Can suppliers invoice in advance so the 12.5% rate applies rather than 15%?

Yes. The GST rate is based on the original invoice date.

Inland Revenue has indicated this practice is likely to occur during the initial transition period. It will be an area which it will carefully monitor.

What if the GST increase occurs during your GST return period?

If your GST return period spans 1 October 2010, you will complete a GST transitional return.

This return is in two parts:

  • part one covers from the start of your GST return period until 30 September 2010 at 12.5%
  • part two covers from 1 October 2010 until the end of your GST return period at 15%.

The GST portion of sales and income, and purchases and expenses for the two parts are added for the total GST to pay or to have refunded for your GST transitional return period.

Purchases

I received a tax invoice after 1 October 2010 as well as the goods and/or service. What should I claim back?

You’ve received the goods and/or services and the tax invoice after 1 October 2010 when the new GST rate comes into effect. The tax invoice should show GST 15% and that is what you should claim.

I received a tax invoice before 1 October 2010, for goods and/or services I will receive during October 2010 or November 2010. What should I claim back?

The GST amount showing on your tax invoices will be at 12.5% GST. The GST amount charged depends on when goods or services are invoiced – not supplied –based on the time of supply rule.

Can I submit a claims and reimbursements late?

You can make a claim in a later return period if you are unable to claim an expense in the period the supply occurred. For example, if you didn’t hold a tax invoice when preparing your GST return.

If you are making a late claim for an invoice with 12.5% GST in a GST return period that begins after 1 October 2010, you can not enter the claim as an expense in your GST return, because that would mean the GST would be claimed at 15%.

Record the GST portion of the invoice as a credit adjustment in Box 13 of your GST return.

This also applies if you’re claiming the GST after 1 October 2010 on an invoice at 12.5% GST. For example when you’re reimbursing an employee for something they bought for the school.

You’ll also need to account for, as a late claim, any tax invoices you may receive or find for purchases, that should have been accounted for in your GST rate change adjustment. Instead of amending the GST rate change adjustment, simply account for these invoices as late claims.

Note if you do make a GST rate change adjustment for an invoice, you don’t need to make any further adjustment when you pay the invoice. The one-off GST rate change adjustment is to reduce the amount of adjustments when supplies made at 12.5% GST are later paid and accounted for at 15% GST.

What happens with school fees received on or after 1 October 2010, based on invoices dated before 1 October?

Inland Revenue bases any and all redeemable and/or payable GST on invoice date. This means the person paying can only claim the GST amount stated on the invoice. The school is also liable for GST at the rate on that invoice.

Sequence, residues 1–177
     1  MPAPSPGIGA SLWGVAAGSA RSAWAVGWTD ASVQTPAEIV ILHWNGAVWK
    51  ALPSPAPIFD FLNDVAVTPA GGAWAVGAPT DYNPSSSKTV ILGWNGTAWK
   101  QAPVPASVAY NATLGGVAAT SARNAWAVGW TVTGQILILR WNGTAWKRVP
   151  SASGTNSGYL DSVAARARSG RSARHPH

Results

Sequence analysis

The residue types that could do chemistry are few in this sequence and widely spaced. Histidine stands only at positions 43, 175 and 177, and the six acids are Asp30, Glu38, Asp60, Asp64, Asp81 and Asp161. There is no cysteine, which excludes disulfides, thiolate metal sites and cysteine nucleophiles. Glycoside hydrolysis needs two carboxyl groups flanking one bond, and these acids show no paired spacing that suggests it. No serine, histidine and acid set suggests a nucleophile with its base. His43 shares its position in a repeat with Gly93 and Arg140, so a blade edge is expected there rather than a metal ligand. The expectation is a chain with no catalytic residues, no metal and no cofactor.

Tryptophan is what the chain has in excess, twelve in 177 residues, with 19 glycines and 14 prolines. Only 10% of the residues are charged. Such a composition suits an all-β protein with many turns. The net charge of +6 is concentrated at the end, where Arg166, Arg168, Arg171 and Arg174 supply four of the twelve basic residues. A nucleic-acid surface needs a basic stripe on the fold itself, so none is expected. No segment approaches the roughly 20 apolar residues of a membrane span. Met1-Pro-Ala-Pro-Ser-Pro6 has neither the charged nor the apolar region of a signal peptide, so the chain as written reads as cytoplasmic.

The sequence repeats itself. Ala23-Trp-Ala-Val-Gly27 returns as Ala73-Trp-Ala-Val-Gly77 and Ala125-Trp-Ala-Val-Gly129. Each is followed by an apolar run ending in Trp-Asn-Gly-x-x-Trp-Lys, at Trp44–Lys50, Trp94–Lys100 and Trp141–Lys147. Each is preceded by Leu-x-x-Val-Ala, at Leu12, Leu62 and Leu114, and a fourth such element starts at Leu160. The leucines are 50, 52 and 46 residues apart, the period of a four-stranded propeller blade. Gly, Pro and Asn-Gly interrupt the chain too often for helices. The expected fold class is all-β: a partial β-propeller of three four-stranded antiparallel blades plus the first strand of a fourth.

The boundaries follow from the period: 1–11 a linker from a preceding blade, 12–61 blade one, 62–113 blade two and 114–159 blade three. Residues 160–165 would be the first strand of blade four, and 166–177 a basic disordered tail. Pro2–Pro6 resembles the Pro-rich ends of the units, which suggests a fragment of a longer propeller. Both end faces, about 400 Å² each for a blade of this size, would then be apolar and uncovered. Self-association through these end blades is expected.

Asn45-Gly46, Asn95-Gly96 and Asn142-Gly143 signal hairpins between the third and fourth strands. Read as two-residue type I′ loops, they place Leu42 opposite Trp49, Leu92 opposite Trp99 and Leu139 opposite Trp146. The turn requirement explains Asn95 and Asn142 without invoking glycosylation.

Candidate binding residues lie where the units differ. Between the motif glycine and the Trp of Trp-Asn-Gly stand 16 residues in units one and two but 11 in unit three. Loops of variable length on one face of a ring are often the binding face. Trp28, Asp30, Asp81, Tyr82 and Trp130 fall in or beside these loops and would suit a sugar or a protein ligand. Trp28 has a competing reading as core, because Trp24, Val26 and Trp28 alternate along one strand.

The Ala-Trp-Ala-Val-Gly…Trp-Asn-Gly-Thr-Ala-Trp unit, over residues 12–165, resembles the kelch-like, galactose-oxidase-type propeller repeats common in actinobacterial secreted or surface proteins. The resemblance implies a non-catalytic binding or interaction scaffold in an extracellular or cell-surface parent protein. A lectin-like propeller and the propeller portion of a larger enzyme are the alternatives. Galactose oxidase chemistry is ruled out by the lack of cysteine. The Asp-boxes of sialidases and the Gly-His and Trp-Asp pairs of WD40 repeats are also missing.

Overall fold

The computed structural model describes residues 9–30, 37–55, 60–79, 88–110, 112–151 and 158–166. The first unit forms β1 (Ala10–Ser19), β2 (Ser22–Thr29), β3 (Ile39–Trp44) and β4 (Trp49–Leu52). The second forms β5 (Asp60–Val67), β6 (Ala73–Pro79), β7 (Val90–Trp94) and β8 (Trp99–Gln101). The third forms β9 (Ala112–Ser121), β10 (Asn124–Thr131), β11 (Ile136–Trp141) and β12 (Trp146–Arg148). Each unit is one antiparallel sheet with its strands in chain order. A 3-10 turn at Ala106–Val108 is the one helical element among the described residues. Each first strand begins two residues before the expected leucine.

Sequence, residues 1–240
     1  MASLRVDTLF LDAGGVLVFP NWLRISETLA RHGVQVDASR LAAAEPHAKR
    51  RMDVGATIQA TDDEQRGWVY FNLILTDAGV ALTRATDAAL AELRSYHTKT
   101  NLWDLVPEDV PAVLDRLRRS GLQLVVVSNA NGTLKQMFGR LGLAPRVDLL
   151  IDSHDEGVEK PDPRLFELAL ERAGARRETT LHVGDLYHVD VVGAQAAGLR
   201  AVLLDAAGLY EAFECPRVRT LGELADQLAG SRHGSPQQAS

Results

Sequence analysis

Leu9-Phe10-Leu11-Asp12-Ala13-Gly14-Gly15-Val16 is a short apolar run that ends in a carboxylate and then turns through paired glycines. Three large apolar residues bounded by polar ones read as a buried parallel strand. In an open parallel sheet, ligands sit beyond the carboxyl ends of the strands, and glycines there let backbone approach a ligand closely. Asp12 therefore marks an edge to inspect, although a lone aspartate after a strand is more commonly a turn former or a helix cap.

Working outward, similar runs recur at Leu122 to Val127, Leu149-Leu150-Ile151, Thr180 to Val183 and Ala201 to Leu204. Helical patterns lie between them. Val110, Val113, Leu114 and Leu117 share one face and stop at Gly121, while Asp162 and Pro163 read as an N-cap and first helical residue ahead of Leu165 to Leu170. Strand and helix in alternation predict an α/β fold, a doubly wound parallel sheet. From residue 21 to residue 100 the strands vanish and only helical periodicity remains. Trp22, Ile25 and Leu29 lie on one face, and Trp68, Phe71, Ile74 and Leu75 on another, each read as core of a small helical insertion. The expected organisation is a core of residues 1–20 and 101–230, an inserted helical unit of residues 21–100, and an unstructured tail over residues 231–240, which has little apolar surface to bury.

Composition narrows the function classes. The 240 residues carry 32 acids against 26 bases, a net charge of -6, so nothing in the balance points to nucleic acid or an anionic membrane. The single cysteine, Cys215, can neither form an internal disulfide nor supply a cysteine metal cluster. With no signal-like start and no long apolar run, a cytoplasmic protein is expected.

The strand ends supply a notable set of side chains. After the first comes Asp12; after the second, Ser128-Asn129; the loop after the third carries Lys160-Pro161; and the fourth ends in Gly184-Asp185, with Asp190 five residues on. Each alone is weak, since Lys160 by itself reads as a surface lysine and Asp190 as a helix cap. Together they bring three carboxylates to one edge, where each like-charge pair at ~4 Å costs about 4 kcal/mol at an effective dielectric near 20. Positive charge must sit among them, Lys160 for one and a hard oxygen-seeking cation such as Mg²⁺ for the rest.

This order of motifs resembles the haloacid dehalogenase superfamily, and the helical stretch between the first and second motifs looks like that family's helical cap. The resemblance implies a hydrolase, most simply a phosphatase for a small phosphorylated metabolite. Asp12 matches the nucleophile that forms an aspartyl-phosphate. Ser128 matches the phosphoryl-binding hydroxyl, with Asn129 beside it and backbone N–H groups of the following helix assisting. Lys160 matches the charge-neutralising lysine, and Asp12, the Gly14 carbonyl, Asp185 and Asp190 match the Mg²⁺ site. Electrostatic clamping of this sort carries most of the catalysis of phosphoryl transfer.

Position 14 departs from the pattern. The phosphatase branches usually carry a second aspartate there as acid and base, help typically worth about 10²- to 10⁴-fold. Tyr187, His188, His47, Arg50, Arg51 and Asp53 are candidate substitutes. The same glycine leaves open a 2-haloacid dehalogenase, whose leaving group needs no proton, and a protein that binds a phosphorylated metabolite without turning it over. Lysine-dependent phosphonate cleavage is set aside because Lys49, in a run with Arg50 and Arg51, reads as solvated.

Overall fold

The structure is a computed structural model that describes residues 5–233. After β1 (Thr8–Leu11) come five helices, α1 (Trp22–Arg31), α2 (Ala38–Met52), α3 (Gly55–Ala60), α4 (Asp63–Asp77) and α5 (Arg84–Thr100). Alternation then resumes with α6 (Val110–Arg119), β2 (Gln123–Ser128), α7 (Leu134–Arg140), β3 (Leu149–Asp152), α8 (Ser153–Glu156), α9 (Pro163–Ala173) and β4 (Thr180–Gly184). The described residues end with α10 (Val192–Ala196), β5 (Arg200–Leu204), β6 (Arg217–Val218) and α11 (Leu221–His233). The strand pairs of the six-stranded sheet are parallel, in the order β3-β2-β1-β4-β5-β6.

Will operational grants received after 1 October 2010 include the increased GST rate?

Yes. There will be additional funding to accommodate the increase. The Ministry of Education emailed schools during mid July 2010 confirming this.

The Ministry is finalising the detailed mechanism for this increase. It is expected that the initial grant transfer will be made, followed by a further supplementary payment of the additional 2.5% (to account for the GST increase).

School controls and systems

There are many other points you’ll need to consider before the GST increase.

These include:

  • What GST basis are you on? Invoice, cash or hybrid.
  • How often do you file GST returns? What GST period does your return cover? Monthly, bi-monthly, six monthly.
  • Is this a suitable time to change your GST return period?
  • Does your return span the 1 October GST rate change and therefore you need to fill out a GST transitional return?

Depending on your answers to the above, you will also need to consider:

  • How this affects your current stock and if you will change the GST rate for stationery, uniforms, tuck shop items, etc.
  • You may consider double pricing your stock ie have stock carrying two prices. A shirt has two prices: 12.5% GST (applied before 30 September) and a price at 15% GST ( applied after 1 October). This will save you from having to re-price all your stock on 30 September.
  • If you have invoiced for any upcoming activities (school camps, plays, etc), will parents pay the additional GST rate and how will you inform them?
  • Do you have any international students at your school? Have they paid for the 2011 calendar year and will you be issuing an amended invoice?
  • Have you considered the impact on your invoicing if you offer student accommodation?
  • Have you been working closely with your accounting service provider on the GST change and these issues?
  • Will the GST rate currently in your system need updating by a specialist or can your staff do it?
  • Can your system hold the two rates for a period of time as recommended?
  • Do you need to change anything on your brochures, website, stationery list, etc.

More information

Further information is available from Ministry of Education regional financial advisors, and changes at Inland Revenue Department

  • 2010 GST rate change guide (GST 106) covers the transition, tips on adjusting your accounting systems and completing the transitional forms.
  • GST transitional return (GST 104A) and the GST rate change adjustment calculation sheet (GST 105) at ird.govt.nz/changes. Search for the GST form numbers.
  • The IRD website will have online demonstrations of the forms, from 01 October 2010. These demonstrations will take you through examples and display the forms being filled out.


Content last updated: 13 May 2013